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Let’s Get Physical

Most of us first encounter the concept of being “physically fit” while we’re in elementary school gym class. I personally remember being told again and again that my physical fitness would impact all areas of my life—at that time and later in my life.

I guess that message sunk in because I was always motivated to push myself in those areas. I wanted to feel strong or grow more flexible. I would practice my splits for gymnastics while watching TV or do sit-ups daily, wanting to feel strong in my abs. I ran track, played tennis, danced. I was naturally active and, having these basic skills and innate motivation, I was really able to understand and connect to my body.

As children, we begin to form habits and I think that’s when our relationship to our bodies really develops. I was fortunate enough to have a positive perspective on mine. And yet, as I grew up and focused more on academics, I became more stationary. That happens to a lot of us. All that healthy, natural movement took a back seat for a while.

The good news is that your body always remembers—and it’s never too late to start focusing on that physical health and body connection. For me, as I was slowly drawn back into this concept of being physical as an adult, my relationship to it all was different than before. Now, it wasn’t just about being active; it was about what I put in my body and my way of thinking too, from nutrition and herbs to mind-focused exercise and strengthening with yoga and Pilates.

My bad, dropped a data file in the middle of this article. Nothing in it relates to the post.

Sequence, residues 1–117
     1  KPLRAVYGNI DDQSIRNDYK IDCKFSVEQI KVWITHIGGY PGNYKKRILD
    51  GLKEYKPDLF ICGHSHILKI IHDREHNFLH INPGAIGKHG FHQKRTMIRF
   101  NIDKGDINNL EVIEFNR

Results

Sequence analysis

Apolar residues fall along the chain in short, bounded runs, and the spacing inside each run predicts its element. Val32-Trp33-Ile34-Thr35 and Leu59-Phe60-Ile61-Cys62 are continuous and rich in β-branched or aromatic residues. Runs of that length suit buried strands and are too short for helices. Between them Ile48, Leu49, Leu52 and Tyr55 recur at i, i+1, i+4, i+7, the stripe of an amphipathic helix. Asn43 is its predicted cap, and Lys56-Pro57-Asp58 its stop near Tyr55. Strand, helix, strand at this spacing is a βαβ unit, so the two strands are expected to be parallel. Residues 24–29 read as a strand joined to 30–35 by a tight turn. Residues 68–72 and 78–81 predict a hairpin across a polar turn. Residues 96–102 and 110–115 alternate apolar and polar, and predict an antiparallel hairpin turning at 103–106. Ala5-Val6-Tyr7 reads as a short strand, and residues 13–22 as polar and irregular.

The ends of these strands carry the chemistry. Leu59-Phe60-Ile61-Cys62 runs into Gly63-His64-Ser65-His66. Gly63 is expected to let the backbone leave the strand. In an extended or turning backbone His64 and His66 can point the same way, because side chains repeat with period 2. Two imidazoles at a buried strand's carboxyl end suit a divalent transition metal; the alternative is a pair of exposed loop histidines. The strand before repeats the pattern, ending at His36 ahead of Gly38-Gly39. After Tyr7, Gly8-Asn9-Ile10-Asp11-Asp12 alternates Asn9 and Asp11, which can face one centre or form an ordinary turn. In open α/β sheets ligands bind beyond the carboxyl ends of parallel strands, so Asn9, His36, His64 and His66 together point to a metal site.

I used to be able to get lost in the activity and maybe that was part of the goal sometimes, but now I am in tune with how things make me feel. I am body conscious in a way that’s intentional and important because it eliminates a potentially hazardous mind-body disconnect. Now, I know my body well.

This month, at Live The Process, we’re focusing on the concept of being physically fit on a deeper level, talking to experts in the field—from ballet dancers to clean beauty innovators—who have found real connection to their bodies in different ways. Being physically fit, for me, is not about being a certain size or achieving some unrealistic (and inauthentic) beauty ideal. Everyone is different. It’s about each of us developing our own constructive and healthy relationship to our own particular body, so we can feel our best on every level—and feel like our most powerful selves.

Your body is a machine made up of energy and , if you give it what it needs to be effective and then move it and experience it and be in tune with it, then you can receive real joy from it. In the end, everything we do with or put into our bodies to make them physically fit contributes to helping us create the overall balance we seek.

Stay safe and strong!

xo - Robyn


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